...However, I do have to decide on a periodic basis whether to keep this up or not. When I started TOP, I wanted to see if I could keep it going for a year, and I would not have taken an even bet on the chances. I was surprised to discover that it's fun for me, and uses my skills and talents pretty well. And it still seems like it's got a fair amount of energy. Well, most days it does. For the past three years, though, the decision to keep going or not has been made for me by our key advertisers. First, and quite crucially, it was my friends at LightCrafts, makers of the LightZone image editor, a low-cost, easy-to-learn alternative to Photoshop, Lightroom, and the like. A plug, there? You betcha, Bubba. Because, y'all? If it hadn't been for Fabio and the rest of the crew at LightZone, TOP would not exist today. Pretty much for certain. I'd probably be selling cars or editing some in-house corporate newsletter right now, or, more likely, the way the economy's going, I'd be laid off from selling cars or editing an in-house corporate newsletter right now. I'd be just another disembodied statistic, instead of a friendly disembodied statistic with a voice you know.
Anyway, there's good news on that front—our current major sponsor, Michael Tapes of RawWorkflow.com, recently re-upped for another year. That means TOP won't go away for at least another 12 months. Well, ten and change it is, now, but you get the point. So that's good news.
People—even Michael himself—have said to me from time to time, "too bad your top advertiser can't be N---- or C---- or some other big player." Except I don't think it's too bad. If you think about it, RawWorkflow is the perfect sponsor. It's largely a one-man band, albeit with some able help (same here); it's got an eclectic mix of products ("eclectic" should be my middle name); Michael Tapes is a true, dyed-in-the-wool enthusiast who's both committed and passionate, sometimes probably to a degree that might not even be in his own best interests (er, check); he has a passion and an aptitude for educating (me too, not to be immodest); and he knows photography from the doin'-it side (ditto, at least partly). Not a bad first-position advertiser; quite the contrary, the perfect top-position advertiser for TOP, if you ask me. Go see him. If only to say "thanks." Yep, that there's a plug. Sue me!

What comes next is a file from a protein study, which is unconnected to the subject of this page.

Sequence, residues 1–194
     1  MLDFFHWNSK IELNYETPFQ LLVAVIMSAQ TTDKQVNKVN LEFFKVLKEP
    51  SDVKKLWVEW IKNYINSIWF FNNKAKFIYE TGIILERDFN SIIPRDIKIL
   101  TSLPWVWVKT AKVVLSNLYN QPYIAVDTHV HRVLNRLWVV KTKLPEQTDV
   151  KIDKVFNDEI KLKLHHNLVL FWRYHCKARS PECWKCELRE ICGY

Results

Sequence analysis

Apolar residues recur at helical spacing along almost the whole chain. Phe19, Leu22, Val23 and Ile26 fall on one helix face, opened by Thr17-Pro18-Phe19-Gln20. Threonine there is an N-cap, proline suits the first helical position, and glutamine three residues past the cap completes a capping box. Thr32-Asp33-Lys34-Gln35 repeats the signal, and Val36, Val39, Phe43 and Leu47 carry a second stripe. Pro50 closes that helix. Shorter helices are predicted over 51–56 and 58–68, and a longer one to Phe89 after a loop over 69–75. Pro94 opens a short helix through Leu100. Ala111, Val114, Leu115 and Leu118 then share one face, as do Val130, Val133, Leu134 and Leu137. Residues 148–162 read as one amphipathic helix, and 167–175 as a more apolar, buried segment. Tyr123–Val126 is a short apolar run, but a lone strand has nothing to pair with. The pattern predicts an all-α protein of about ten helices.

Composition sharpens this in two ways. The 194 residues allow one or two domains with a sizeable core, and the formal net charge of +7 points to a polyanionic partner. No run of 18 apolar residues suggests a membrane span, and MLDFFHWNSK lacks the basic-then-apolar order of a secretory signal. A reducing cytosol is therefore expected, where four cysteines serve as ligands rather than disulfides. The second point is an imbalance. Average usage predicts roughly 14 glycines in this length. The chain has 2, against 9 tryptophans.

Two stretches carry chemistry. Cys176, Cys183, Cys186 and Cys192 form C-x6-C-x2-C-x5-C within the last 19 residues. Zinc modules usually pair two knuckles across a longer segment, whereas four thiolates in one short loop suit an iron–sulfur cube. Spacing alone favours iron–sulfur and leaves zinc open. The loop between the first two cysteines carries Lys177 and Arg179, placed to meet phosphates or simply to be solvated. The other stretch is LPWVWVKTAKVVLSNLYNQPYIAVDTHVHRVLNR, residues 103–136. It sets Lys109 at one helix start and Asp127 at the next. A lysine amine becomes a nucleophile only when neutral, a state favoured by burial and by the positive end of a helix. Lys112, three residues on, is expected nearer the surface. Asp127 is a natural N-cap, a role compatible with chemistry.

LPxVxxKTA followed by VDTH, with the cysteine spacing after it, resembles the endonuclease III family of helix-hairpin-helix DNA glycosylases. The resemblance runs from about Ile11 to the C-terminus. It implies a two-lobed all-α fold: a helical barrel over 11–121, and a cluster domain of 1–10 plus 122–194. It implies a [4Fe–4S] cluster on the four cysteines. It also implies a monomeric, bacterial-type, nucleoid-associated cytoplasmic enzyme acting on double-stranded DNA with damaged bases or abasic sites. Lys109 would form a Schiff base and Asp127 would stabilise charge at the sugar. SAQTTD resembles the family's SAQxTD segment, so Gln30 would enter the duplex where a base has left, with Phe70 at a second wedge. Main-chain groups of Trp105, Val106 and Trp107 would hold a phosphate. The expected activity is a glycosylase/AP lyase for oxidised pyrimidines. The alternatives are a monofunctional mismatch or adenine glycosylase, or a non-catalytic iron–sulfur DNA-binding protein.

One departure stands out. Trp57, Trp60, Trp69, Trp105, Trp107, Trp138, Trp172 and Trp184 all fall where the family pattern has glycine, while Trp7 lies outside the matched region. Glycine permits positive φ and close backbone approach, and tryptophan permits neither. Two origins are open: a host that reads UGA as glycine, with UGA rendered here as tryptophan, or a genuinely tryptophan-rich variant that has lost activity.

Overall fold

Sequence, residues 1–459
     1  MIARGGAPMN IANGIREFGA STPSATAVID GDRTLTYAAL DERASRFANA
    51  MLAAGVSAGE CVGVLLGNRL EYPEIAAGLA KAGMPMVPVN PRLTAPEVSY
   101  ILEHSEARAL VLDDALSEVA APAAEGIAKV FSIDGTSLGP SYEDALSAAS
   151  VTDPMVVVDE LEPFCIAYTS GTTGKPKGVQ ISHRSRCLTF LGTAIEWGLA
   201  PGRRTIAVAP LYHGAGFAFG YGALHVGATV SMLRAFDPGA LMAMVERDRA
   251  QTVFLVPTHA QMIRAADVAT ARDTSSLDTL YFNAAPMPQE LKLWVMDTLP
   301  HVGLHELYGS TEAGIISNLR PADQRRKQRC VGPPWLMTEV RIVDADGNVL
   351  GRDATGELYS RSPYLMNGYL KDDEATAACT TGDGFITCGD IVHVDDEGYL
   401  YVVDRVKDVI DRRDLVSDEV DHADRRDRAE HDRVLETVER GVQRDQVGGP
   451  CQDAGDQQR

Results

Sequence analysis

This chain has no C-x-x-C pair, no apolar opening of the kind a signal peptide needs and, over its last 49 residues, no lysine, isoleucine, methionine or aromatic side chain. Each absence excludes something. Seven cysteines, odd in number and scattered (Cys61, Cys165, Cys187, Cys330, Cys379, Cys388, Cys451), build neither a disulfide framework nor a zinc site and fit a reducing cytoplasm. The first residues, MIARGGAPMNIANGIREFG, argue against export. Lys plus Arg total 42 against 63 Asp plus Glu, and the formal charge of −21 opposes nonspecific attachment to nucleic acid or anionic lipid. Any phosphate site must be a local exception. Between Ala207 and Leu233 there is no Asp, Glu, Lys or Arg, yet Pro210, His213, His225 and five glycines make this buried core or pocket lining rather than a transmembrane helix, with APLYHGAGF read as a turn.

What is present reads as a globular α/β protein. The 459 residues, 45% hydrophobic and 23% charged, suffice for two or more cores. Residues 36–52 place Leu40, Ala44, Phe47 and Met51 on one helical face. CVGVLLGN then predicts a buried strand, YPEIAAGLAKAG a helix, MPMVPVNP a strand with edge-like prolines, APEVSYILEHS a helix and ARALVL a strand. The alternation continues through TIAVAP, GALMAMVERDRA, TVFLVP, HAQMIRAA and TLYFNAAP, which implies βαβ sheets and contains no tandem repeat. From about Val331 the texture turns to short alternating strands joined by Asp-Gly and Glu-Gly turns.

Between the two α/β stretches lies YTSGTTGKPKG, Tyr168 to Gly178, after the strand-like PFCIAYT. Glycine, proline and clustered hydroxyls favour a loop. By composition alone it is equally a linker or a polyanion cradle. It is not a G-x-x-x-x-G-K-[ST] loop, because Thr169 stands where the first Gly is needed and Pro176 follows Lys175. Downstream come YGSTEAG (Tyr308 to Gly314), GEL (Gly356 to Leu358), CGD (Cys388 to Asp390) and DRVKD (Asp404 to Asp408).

Time to scrape the barnacles, mateys
It does seem like it's time for a site overhaul of some sort. I'd like to clean things up, change the graphics, take care of some annoying bugs, maybe just move the furniture around for the sake of change. More than that, I'd like to take a fresh think about what more TOP might offer to make you happier. More camera reviews? More show reviews? More regular features? More different writers, more blather from me? More links, fewer links? More about art, less about art? A more wild'n'woolly comments section, or one that's more buttoned-down? More posts, fewer posts? Eliminate the blogger's—er, the editor's more annoying idiosyncrasies? Which are—? Anything at all you'd like to see more of, or less of—or are you already seven cents' a month worth of happy?
If you've got a suggestion, now's the time to let me have it. You can leave a comment (all of which I read, by the way, without exception) or send me an email. I won't promise I'll be able reply to everyone privately, so please forgive me if I don't, but I will read every last one, for sure.
(Thanks to Max Cottrell)
*Not that there's anything wrong with that, in the immortal words of J. Seinfeld.
UPDATE: Oops, it looks like I goofed—there's no way to set up subscriptions for such a low amount. So let's just say "details to come later."